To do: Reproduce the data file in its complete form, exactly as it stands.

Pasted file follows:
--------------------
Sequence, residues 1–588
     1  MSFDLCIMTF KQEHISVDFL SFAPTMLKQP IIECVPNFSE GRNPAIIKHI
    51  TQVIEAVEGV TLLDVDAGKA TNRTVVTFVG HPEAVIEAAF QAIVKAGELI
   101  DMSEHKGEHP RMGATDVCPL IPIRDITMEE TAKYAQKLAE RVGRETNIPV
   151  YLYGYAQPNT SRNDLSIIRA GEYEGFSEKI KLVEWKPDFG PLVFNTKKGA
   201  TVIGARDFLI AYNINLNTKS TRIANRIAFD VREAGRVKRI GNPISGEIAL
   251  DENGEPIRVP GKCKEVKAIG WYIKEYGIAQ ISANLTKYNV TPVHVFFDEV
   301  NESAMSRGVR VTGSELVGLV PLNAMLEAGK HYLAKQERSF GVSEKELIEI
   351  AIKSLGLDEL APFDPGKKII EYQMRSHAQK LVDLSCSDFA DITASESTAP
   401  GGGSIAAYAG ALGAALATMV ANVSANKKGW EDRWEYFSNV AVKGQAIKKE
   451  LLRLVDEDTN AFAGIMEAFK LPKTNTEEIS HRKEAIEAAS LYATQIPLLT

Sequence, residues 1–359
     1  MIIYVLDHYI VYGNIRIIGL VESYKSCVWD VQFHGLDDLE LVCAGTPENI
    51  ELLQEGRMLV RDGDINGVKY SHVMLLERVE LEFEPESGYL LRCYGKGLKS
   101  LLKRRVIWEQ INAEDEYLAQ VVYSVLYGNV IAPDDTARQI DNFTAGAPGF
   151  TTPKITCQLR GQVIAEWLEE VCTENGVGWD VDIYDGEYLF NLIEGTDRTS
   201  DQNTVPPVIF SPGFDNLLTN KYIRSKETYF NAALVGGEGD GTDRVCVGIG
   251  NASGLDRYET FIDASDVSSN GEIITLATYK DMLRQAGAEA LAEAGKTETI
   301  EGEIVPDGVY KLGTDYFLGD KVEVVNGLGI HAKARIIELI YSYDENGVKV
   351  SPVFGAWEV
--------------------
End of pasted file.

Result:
Sequence, residues 1–588
     1  MSFDLCIMTF KQEHISVDFL SFAPTMLKQP IIECVPNFSE GRNPAIIKHI
    51  TQVIEAVEGV TLLDVDAGKA TNRTVVTFVG HPEAVIEAAF QAIVKAGELI
   101  DMSEHKGEHP RMGATDVCPL IPIRDITMEE TAKYAQKLAE RVGRETNIPV
   151  YLYGYAQPNT SRNDLSIIRA GEYEGFSEKI KLVEWKPDFG PLVFNTKKGA
   201  TVIGARDFLI AYNINLNTKS TRIANRIAFD VREAGRVKRI GNPISGEIAL
   251  DENGEPIRVP GKCKEVKAIG WYIKEYGIAQ ISANLTKYNV TPVHVFFDEV
   301  NESAMSRGVR VTGSELVGLV PLNAMLEAGK HYLAKQERSF GVSEKELIEI
   351  AIKSLGLDEL APFDPGKKII EYQMRSHAQK LVDLSCSDFA DITASESTAP
   401  GGGSIAAYAG ALGAALATMV ANVSANKKGW EDRWEYFSNV AVKGQAIKKE
   451  LLRLVDEDTN AFAGIMEAFK LPKTNTEEIS HRKEAIEAAS LYATQIPLLT

Sequence, residues 1–359
     1  MIIYVLDHYI VYGNIRIIGL VESYKSCVWD VQFHGLDDLE LVCAGTPENI
    51  ELLQEGRMLV RDGDINGVKY SHVMLLERVE LEFEPESGYL LRCYGKGLKS
   101  LLKRRVIWEQ INAEDEYLAQ VVYSVLYGNV IAPDDTARQI DNFTAGAPGF
   151  TTPKITCQLR GQVIAEWLEE VCTENGVGWD VDIYDGEYLF NLIEGTDRTS
   201  DQNTVPPVIF SPGFDNLLTN KYIRSKETYF NAALVGGEGD GTDRVCVGIG
   251  NASGLDRYET FIDASDVSSN GEIITLATYK DMLRQAGAEA LAEAGKTETI
   301  EGEIVPDGVY KLGTDYFLGD KVEVVNGLGI HAKARIIELI YSYDENGVKV
   351  SPVFGAWEV